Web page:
Gardening TipsWhat you Need to Know When You Don't Have a Green Thumb
Most gardens will have at least one type of onion growing in it. It could be a mild green bunching onion, sweet tasting Spanish onion, or a stronger flavoured cooking onion. Onions grow well in Prince George, whether you choose to start them from seed, transplants, or sets.
Growing onions from seed has its advantages, one of them being the large assortment of varieties to choose from. There are early, main-season and late varieties, that come in colours of red, white and yellow. Onions are frost tolerant and can be sowed into the garden soil around the beginning of May, as soon as the soil is workable. This is good as they require a long growing season. Another option is to start seeds indoors 6-10 weeks before they are ready to be planted in the garden outdoors in early May. March is a good time to start onion seeds indoors, especially if you are growing Spanish onions which take the longest to grow. If you don’t have the space or time to start your own seeds indoors, transplants are available at the garden centre in May. The advantage to using transplants is that onions will be ready 6-8 weeks earlier than direct seeding and the onions will be larger. The third method of planting onions is using onion sets, which are immature bulbs which when planted will grow into onions. These come as ‘Dutch onion sets’, which are the cooking onions, ‘multipliers’ which will produce 6-7 green onions per bulb and then the shallots, and white and red onions. Sets are planted directly planted into the garden in early May. Press the set into the the soil so that the tip of the bulb remains just above ground level. When picking out Dutch onion sets, choose small, firm bulbs as these will be less prone to bolding. The advantage to using onion sets is that they are faster to mature into an onion and tend to be less susceptible to disease and pests. The disadvantage is that they cost more and the onions do not get as large as those grown from seed or transplant.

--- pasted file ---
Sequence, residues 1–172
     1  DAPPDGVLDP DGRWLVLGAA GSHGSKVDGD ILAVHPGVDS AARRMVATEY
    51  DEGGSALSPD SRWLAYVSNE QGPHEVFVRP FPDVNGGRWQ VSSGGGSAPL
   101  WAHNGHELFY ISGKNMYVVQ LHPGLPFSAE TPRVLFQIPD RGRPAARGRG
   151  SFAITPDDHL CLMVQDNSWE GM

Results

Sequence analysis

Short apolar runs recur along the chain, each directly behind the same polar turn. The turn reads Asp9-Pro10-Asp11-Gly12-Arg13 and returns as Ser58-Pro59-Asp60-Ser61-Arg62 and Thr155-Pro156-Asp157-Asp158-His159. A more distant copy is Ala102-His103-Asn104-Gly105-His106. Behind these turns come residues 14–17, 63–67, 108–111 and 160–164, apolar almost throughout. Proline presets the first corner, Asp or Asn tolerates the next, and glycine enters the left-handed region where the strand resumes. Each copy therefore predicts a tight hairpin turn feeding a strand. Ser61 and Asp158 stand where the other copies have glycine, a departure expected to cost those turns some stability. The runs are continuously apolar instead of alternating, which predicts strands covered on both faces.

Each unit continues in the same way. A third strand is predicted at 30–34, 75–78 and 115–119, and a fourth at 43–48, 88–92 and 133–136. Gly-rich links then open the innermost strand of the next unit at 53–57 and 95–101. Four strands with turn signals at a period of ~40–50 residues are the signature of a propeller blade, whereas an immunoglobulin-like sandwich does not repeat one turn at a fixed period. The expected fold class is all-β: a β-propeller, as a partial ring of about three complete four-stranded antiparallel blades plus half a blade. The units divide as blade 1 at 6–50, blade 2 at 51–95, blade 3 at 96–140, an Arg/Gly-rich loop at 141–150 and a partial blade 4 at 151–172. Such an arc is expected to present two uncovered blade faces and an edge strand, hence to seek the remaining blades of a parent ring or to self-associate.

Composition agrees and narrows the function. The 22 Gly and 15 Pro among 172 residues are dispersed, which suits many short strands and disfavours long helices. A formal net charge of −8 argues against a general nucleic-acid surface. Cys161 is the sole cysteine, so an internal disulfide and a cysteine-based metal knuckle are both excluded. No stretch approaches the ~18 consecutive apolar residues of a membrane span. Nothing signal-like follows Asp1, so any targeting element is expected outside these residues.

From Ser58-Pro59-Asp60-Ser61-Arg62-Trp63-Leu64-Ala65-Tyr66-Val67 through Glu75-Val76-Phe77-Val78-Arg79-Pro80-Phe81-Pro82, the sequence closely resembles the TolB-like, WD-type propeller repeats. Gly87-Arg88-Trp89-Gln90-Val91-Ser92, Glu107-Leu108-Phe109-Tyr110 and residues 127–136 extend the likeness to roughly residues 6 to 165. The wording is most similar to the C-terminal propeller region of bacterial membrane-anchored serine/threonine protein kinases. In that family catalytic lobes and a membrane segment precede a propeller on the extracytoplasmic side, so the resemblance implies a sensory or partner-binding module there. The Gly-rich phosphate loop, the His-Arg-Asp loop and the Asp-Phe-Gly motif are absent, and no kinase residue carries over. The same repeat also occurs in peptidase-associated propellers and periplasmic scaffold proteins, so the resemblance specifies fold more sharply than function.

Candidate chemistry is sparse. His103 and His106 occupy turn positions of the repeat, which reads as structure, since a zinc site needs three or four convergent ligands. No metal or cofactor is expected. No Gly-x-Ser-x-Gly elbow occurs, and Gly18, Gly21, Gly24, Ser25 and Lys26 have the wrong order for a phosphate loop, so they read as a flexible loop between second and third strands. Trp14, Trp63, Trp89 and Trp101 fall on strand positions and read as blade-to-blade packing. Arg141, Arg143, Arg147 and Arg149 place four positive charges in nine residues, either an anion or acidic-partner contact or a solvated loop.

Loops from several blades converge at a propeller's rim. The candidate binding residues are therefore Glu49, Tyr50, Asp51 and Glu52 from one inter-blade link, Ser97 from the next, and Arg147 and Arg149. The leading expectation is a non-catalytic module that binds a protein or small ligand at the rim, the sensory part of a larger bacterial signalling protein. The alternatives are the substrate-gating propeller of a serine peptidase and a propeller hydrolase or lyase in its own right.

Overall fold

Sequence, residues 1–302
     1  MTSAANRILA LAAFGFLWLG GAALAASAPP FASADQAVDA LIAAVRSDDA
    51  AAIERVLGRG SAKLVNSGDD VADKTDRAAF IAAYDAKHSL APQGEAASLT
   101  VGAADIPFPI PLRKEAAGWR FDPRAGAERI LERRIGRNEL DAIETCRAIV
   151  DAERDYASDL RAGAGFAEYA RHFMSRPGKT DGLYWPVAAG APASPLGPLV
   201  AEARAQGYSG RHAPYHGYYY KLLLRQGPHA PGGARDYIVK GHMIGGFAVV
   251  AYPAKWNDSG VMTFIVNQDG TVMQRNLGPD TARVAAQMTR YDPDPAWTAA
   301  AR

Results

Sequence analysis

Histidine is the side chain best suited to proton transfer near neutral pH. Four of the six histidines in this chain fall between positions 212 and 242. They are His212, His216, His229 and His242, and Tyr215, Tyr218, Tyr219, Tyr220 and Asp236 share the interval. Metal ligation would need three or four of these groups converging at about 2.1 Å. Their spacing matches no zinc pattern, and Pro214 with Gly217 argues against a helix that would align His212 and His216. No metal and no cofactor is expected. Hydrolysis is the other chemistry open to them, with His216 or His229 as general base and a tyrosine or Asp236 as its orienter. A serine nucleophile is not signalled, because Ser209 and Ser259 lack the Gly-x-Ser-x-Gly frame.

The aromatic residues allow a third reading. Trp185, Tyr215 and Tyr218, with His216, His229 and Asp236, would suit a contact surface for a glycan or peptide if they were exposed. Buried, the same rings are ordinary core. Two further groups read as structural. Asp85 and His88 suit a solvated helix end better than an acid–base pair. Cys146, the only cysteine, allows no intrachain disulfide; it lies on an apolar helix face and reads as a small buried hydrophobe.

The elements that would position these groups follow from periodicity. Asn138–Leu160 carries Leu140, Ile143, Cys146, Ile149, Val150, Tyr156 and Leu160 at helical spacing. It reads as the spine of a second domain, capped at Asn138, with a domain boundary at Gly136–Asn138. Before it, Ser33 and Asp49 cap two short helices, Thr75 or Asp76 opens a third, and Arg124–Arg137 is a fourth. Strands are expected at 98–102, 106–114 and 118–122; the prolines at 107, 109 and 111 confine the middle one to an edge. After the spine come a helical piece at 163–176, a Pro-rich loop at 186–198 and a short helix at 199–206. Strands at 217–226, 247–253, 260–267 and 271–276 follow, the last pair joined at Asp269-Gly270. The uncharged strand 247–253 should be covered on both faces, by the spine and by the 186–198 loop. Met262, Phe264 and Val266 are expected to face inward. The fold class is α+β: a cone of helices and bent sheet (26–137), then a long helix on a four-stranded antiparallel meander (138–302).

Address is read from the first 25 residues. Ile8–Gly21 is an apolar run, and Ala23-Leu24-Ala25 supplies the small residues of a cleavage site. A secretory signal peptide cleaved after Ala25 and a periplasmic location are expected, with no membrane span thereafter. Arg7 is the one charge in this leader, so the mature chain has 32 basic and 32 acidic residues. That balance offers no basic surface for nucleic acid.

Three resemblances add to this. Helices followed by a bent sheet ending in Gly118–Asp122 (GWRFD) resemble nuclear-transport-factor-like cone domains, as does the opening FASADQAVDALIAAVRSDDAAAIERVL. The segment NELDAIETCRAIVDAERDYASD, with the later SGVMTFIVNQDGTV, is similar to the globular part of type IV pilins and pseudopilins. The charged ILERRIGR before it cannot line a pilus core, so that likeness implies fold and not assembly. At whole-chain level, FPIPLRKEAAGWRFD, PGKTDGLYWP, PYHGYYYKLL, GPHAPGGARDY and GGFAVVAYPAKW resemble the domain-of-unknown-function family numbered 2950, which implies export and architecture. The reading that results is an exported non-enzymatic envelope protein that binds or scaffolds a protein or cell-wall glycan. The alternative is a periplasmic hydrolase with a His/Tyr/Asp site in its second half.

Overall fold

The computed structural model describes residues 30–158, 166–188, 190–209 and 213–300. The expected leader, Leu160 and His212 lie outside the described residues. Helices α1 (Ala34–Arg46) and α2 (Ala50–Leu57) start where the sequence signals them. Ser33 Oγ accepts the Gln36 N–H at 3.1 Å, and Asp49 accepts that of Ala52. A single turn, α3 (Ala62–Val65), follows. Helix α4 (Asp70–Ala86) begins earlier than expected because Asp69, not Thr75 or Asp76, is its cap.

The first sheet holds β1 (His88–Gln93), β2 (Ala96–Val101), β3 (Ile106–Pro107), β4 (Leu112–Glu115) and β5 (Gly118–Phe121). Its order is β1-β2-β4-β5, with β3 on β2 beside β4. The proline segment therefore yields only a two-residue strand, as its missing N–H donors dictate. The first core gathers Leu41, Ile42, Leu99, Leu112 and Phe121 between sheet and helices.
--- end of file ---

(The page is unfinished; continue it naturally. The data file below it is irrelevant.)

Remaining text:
Onions can be grown in the garden as a single row or in raised beds. The raised beds hold 4 rows, spaced 15 cm., apart, with the onions 8-10 cm apart (depending on type of onion). If onions are planted closely they can be thinned out and the young plants that have been pulled out can be used as green onions. Onions also make good container plants as they take up very little space. Plant onions in a well-drained, fertile soil that has a pH of 6.0-6.8, and in a sunny location. Onions are shallow rooted so it is important to keep them watered which is an important factor in an onions growth. Keeping onions well weeded also helps in moisture retention as the onion does not have to compete with weeds for moisture and nutrition.
A common pest when growing onions is onion root maggot. The infected plants will wilt, turn yellow then die. When the onion is pulled out of the soil you will notice little holes in the bulb with tiny, legless, creamy white larvae inside the bulb. To help prevent maggots, crops should be rotated yearly, the soil should be tilled in the fall, weeds should be kept down so the adult flies are exposed, and plants should be spaced further apart making it harder for maggots to move from one onion to the next. As soon as you find one affected onion, remove it and destroy it, to prevent it from spreading. We have this problem in our home garden and have been using a floating row cover which works very well. The floating row cover is placed on top of the plants as soon as they are planted, and prevents the adult fly from laying its eggs on the soil.
Onions require anywhere from 60 days for green onions, to 125 days for Spanish varieties, till harvest. They can be harvested earlier and be used fresh. In order to store cooking and spanish onions, they need to mature. When the green top bends and falls over, the onion is ready to be pulled and left to dry in the sun for a few days. After they have been cured the dried top is removed 5 cm from the bulb and then the dried onion is ready to be stored in a cool, dry space with good air circulation. If properly cured and cared for, onions can be stored for months.